The Big Picture

Patrick Goldstein and James Rainey
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Killing the golden goose: Exhibitors raise 3-D ticket prices sky-high

March 26, 2010 | 12:34 pm

I heard this was happening last week, but I have to admit that I couldn't believe my ears. Why would exhibitors, now that people have been flocking to see movies in record numbers, largely thanks to the soaring popularity of 3-D movies, want to kill the golden goose by raising prices for 3-D films, some by increases as much as 26%?

According to an in-depth story in the Wall Street Journal, a 3-D Imax movie at New York City's AMC Loews Kips Bay will now cost $19.50, up from $16.50. At an AMC theater in Danvers, Mass., a Boston suburb, 3-D ticket prices are going up 20% from $14.50 to $17.50. Ticket prices at local L.A. theaters are also going up, often by at least as two extra dollars a ticket.

3d According to the Journal, prices will take effect today at many of the biggest theater chains across the country. Why the steep price hike? Exhibitors say that film tickets are a bargain. One exhibition vet that I spoke to said that, adjusted for inflation, ticket prices aren't much different today than they were in the 1980s. He compared that to the ticket prices for sporting events, in particular Major League Baseball and NFL games, which have skyrocketed in recent years, as have tickets for Broadway shows, which now average close to $100 a pop.

On the other hand, the business of overpriced Broadway tickets is hardly worth emulating, since Broadway theaters are littered with the corpses of shows that quickly opened and closed, unable to generate sufficient ticket sales at such steep prices. As for Major League Baseball, the top tickets have skyrocketed in price, but the lower-end tickets have remained relatively inexpensive, allowing for fans to still see a baseball game without having to mortgage their home. At Coors Field in Denver, for example, my wife and I took our son to a game and sat out in the center-field Rockpile bleachers when we had a few hours between plane rides. The total ticket cost? $9. We might have been far away from the action, but it cost us less than you'll pay to see "How to Train Your Dragon" this weekend, that's for sure.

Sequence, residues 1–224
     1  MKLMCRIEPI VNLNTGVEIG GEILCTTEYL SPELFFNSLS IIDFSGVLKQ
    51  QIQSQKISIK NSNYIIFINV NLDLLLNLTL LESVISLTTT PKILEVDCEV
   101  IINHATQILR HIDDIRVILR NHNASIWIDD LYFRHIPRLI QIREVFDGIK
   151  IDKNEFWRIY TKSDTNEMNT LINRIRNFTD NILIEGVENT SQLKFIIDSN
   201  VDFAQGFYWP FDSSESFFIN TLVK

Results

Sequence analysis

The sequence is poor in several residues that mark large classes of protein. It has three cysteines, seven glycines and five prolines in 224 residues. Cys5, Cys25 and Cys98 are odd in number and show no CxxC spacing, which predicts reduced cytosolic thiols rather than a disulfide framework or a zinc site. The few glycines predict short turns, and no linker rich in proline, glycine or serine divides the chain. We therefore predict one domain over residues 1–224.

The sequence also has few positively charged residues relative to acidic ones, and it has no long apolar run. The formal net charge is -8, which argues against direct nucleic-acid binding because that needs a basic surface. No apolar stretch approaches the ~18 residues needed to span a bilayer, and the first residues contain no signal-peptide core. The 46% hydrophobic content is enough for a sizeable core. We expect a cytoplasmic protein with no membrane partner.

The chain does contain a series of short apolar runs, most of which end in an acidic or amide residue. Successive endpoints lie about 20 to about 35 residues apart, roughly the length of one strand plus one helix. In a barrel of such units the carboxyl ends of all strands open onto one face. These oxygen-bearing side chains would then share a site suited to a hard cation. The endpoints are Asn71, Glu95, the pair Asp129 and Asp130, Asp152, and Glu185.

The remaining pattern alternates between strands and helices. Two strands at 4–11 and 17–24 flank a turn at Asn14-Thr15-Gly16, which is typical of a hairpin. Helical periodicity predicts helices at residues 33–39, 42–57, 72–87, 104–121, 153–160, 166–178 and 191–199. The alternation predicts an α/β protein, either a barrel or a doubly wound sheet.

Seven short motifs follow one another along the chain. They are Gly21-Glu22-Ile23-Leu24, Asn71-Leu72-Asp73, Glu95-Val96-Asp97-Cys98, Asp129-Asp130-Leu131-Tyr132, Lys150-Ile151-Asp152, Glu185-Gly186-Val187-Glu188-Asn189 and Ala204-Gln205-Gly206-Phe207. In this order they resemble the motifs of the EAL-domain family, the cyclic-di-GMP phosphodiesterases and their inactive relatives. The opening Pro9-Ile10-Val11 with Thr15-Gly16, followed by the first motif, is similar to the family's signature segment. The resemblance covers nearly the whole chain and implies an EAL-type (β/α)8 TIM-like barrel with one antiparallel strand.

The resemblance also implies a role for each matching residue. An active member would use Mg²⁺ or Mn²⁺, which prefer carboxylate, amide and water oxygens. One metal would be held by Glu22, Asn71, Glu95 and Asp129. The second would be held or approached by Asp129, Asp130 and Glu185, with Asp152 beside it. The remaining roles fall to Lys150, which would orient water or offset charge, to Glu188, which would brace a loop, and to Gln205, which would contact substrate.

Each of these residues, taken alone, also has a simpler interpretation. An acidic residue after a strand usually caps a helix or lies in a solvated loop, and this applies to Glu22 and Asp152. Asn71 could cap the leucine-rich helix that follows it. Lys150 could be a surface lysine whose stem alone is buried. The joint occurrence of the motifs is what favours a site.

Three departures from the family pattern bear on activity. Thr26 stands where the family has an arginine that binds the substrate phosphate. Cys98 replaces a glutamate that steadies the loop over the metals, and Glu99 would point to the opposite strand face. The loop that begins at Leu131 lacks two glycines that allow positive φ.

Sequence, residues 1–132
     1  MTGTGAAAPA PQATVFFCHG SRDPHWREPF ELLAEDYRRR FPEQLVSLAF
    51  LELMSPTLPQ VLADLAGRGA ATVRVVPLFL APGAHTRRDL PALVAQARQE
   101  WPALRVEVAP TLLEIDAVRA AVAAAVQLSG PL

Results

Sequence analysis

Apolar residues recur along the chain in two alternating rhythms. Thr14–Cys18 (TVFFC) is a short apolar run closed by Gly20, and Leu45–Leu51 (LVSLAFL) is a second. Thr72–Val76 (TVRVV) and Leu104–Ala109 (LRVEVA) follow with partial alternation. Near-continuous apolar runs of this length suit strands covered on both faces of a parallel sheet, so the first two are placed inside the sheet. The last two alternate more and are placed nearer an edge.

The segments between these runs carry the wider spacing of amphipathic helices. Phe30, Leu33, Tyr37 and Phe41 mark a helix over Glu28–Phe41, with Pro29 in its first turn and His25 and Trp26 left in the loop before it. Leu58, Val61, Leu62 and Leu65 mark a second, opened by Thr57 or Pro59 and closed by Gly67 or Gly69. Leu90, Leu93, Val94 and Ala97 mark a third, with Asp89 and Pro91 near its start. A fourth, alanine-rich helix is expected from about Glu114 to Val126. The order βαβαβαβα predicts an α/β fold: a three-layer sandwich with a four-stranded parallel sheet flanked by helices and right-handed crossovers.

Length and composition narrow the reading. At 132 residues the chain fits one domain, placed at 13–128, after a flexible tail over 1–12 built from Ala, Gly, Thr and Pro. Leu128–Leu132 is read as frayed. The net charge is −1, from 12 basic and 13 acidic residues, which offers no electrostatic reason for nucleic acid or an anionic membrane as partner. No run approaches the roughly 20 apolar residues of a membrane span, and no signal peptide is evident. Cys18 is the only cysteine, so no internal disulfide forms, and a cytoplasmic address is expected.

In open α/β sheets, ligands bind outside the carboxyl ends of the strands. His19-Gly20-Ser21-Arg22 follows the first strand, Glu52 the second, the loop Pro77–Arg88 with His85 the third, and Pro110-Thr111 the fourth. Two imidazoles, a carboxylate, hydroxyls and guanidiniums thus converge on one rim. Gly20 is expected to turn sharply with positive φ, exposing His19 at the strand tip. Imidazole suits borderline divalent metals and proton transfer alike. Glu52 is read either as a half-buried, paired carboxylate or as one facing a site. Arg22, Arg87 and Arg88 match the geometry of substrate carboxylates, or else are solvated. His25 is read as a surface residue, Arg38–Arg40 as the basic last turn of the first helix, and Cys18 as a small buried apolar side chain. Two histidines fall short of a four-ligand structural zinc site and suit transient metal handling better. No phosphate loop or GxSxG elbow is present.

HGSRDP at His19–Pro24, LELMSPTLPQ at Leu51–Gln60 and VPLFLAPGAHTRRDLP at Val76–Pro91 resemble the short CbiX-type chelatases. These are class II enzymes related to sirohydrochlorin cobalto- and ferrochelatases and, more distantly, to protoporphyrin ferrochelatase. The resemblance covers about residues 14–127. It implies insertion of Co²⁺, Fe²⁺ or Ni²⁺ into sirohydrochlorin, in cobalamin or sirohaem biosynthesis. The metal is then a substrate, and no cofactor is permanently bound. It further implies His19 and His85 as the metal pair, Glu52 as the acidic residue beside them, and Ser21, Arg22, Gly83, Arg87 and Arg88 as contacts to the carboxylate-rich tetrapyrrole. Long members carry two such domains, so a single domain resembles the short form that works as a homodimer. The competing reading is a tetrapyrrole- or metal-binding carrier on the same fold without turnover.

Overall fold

For now, I suspect the prices will be accepted by most moviegoers, since we're still in the "shock and awe" phase of 3-D moviegoing. But if Warners' "Clash of the Titans' " quickie 3-D conversion turns out to be a bust and moviegoers start becoming more wary about the tidal wave of 3-D films rolling into theaters over the next year, I fear that the price hike will create a backlash.

In the long run, I think it's always better to have customers who think they're getting a great deal than customers who think they're being ripped off, even if the ones who think they're being ripped off are paying an extra 20% at the box-office window. After all, the customers who start believing that they're being ripped off are customers who won't be coming back as often.

But what do you think? Are you willing to pay another extra $2 or $3 to see a 3-D movie? Or are you going to be a lot more willing to pick and choose which films you see? Let me know in comments below.

Photo of 3-D moviegoers by Alex Berliner / Berliner Studios/BEImages.

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